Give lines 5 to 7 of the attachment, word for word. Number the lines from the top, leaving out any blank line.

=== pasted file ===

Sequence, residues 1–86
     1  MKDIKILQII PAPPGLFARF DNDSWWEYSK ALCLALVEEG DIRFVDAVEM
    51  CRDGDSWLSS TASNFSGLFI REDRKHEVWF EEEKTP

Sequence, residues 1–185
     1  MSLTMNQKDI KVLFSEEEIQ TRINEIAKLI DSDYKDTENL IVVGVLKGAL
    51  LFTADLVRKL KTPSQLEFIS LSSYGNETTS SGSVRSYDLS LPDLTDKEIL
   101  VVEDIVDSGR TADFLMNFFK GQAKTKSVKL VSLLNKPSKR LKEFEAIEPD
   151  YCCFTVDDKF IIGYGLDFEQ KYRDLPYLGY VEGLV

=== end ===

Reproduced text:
     1  MSLTMNQKDI KVLFSEEEIQ TRINEIAKLI DSDYKDTENL IVVGVLKGAL
    51  LFTADLVRKL KTPSQLEFIS LSSYGNETTS SGSVRSYDLS LPDLTDKEIL
   101  VVEDIVDSGR TADFLMNFFK GQAKTKSVKL VSLLNKPSKR LKEFEAIEPD